Boris Johnson has made it so much harder to teach kids right from wrong

How’s your parenting going these days?

I’ll be honest, in the last couple of years raising my five little ones, it has become chaotic at best. 

For once, though, it’s not entirely my own doing. I blame the pandemic. And Boris Johnson. 

Between them, they’ve managed to shake my children’s faith in trusting adults and in doing so reduced my impact as a mum.

I was lucky enough to grow up as part of a caring family unit, where I felt if the worst came to the worst, Mum and Dad would be able to step in and sort things out.

After all, they’d sorted all the problems I’d ever had. That issue with my maths teacher; the argument with my friend. The issue of a pandemic just never came up.

It was also an environment where the rules made sense. I knew that I shouldn’t lie or cheat or steal, and if I did that I should own up and face the consequences. 

I read childhood books where good conquers evil, monsters are slain and kindness pays off in the end, and their messages seemed to align with the world in which I was growing up. 

Those guilty of lying or cheating or breaking the rules got their comeuppance. The few political scandals I was aware of – usually whatever made the headlines on Sunday mornings when I did my paper-round – ended with ousting or resignation.  

Perhaps it was childhood naivety, but this belief in the order of things gave me a crucial sense of security in my formative years. 

When I became a parent myself, I wanted to give my children the same. 

To set clear rules, teach them right from wrong and reassure them that, at least for their early years, whatever happens, Mum and Dad can fix it. 

Now, thanks to the perfect storm of Covid-19 and Boris Johnson, I have absolutely no chance of succeeding. 

In March 2020, when trying to explain the emerging pandemic to my kids aged five, six, eight, eight and 10, I realised that for the first time I had openly admitted to them that I wasn’t sure exactly what to do. 

That, on some level, I was scared. ‘When will lockdown end?’ they’d ask. Or: ‘Might you and Daddy get Covid?’ My ‘I’m not sure’ probably didn’t quite do it for them.

They would soon go on to realise that their teachers, doctors and other adult role-models were similarly in the dark. 

Whether or not we want to admit it, this pandemic gave children an enforced glimpse into the chaotic world of adulthood and will have changed the way many view the world.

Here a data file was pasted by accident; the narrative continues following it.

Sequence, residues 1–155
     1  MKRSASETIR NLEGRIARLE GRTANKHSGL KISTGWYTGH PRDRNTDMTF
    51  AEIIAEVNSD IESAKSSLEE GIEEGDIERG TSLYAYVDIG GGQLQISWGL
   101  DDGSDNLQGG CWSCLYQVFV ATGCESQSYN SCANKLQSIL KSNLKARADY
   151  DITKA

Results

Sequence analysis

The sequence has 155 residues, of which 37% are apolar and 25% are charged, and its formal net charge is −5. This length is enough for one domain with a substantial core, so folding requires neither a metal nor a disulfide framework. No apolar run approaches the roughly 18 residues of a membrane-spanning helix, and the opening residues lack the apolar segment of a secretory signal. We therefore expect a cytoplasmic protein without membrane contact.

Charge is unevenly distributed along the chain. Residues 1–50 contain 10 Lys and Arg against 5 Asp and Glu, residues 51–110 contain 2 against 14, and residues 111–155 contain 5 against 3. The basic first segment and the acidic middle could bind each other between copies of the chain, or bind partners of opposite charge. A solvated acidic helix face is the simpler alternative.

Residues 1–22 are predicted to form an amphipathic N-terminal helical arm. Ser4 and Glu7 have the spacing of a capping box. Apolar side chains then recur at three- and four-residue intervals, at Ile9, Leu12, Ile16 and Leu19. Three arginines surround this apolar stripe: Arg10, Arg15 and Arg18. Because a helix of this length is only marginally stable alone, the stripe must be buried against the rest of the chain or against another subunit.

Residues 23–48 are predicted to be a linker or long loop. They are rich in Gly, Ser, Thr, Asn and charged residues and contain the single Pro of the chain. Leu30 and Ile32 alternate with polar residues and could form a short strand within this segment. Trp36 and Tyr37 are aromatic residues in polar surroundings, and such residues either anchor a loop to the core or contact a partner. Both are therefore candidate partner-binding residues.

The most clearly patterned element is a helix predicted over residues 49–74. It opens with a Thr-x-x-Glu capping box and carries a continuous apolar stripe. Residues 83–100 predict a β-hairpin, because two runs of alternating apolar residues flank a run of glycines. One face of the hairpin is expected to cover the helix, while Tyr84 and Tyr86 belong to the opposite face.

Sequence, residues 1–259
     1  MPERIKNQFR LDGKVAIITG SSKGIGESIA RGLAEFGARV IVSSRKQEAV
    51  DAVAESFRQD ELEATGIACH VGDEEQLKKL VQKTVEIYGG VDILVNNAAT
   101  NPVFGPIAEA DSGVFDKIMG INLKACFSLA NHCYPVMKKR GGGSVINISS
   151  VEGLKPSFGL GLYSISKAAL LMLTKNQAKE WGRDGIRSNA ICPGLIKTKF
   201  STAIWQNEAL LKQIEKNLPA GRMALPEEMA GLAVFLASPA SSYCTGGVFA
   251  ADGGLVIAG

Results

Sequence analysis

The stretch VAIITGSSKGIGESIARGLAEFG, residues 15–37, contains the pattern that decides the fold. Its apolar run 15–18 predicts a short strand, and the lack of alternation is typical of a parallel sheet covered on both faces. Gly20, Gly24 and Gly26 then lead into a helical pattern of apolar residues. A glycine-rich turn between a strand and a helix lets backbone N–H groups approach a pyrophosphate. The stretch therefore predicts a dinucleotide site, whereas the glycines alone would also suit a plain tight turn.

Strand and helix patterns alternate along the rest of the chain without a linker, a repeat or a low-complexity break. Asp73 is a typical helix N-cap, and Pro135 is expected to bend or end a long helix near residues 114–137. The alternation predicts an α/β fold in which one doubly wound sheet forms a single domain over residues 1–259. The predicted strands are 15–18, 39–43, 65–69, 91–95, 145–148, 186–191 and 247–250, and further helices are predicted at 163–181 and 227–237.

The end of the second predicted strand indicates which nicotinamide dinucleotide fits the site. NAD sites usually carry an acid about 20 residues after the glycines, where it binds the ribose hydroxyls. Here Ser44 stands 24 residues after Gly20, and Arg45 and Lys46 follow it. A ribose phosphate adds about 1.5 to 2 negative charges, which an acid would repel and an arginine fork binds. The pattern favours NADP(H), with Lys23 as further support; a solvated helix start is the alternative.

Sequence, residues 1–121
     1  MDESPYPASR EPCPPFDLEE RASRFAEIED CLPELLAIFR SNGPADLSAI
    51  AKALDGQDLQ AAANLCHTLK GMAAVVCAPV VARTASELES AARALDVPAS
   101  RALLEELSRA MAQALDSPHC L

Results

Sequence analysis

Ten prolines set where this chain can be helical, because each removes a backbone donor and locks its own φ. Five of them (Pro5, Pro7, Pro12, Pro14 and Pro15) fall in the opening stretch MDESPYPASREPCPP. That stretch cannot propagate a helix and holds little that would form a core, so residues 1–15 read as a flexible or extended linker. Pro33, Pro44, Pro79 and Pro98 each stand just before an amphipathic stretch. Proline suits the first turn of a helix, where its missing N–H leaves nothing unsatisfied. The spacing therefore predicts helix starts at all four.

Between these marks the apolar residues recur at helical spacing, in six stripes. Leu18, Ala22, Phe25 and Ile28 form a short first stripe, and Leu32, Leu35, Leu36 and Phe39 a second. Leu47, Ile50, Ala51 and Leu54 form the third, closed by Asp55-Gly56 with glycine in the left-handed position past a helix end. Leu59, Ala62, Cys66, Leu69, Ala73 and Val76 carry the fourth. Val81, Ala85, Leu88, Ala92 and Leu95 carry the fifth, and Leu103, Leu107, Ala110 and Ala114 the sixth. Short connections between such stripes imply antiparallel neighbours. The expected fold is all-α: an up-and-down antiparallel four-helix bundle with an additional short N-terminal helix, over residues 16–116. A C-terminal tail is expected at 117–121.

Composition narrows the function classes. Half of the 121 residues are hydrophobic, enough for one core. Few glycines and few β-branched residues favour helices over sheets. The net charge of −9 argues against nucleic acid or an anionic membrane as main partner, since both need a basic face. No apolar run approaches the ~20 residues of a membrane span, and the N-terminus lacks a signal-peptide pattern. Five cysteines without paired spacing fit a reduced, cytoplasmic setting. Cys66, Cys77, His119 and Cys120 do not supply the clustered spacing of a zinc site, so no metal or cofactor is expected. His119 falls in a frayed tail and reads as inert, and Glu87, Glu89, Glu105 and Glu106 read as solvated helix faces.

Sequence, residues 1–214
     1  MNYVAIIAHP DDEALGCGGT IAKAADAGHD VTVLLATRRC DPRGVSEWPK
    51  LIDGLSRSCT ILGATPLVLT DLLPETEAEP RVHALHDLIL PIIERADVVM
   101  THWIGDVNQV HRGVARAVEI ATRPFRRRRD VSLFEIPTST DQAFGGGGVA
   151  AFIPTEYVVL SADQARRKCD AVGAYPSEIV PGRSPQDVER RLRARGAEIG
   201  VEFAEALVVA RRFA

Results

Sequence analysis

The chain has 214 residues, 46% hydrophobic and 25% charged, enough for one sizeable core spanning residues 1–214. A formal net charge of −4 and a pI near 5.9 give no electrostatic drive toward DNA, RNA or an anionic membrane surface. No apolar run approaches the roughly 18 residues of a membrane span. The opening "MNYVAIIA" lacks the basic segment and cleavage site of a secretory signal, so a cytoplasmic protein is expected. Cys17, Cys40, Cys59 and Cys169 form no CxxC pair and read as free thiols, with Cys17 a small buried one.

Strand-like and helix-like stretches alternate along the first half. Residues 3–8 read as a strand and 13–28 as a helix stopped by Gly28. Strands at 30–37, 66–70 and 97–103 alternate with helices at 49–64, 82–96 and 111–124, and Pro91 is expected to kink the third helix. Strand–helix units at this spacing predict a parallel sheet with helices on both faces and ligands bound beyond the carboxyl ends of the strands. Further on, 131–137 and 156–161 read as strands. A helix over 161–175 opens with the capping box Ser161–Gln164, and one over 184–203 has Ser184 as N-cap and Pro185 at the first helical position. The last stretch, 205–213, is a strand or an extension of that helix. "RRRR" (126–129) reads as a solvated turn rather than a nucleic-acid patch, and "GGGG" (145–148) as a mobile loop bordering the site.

But at least they felt that adults had their back. That everyone was working together for the common good; that we might be in the dark, but were all on the same team. 

Messages from teachers and parents were consistent; and my kids watched footage of people across the country banging saucepans for the NHS.

Except, as it happens, we weren’t on the same team – while my family and yours went through lockdown, those in power decided that the rules didn’t apply to them.

In doing so, they made parenting even more of a challenge – not only have our children discovered that adulthood is a partial illusion, they’ve been shown that rules that underpin our society aren’t as important as their parents made out. 

And believe me, the kids know what’s going on.

In a post-Brexit era, I find myself talking politics with friends and family more than I ever would have before. Jokes about Boris Johnson abound – and even in the playground some kids talk about ‘partygate’. 

My little ones may not know the true depths of Boris’ betrayal; they were lucky enough not to lose anyone close during the pandemic. But my twins, who missed two parties in a row due to lockdowns, are confused and horrified that Boris still got his cake and ate it, too.

I don’t remember having much political awareness as a child, other than what I gleaned through an odd combination of children’s Newsround and Spitting Image. But at the time I felt that while politicians like John Major might be boring, they were at least relatively trustworthy. 

I know now that cheating and lying occurs in Parliament all the time – but back then it was never barefaced enough to break through my bubble of childish ignorance.

Now, I’m left fighting a losing battle when it comes to raising my kids.

How can I tell my children that lying is wrong, when the man who runs the country has built a career on doing just that? 

How can I tell them that actions have consequences when it’s clear that, for some, a half-hearted ‘sorry old chaps’ will suffice even when you’re caught red-handed? 

How can I even tell them to brush their hair? 

The twin pandemics of Covid-19 and Boris-22 mean not only do our children have to cope with the prospect of climate catastrophe, the wars that rage ever closer to home and the realities of a pandemic, they have to do it in a world where their parents’ advice has been thrown into doubt.

All thanks to the scruffy man on the telly who either doesn’t care, or is not astute enough to tell a party from a business meeting.

We can’t turn back the clocks or take that cold-water shock of reality back from our children. But at least we should be working to build for their future – to restore some sort of accountability and morality in our leaders.  

Boris must go; and we need to re-establish red-lines going forward. Lying and lawbreaking have no place in politics – and parenting is hard enough without those in charge setting such a terrible example.

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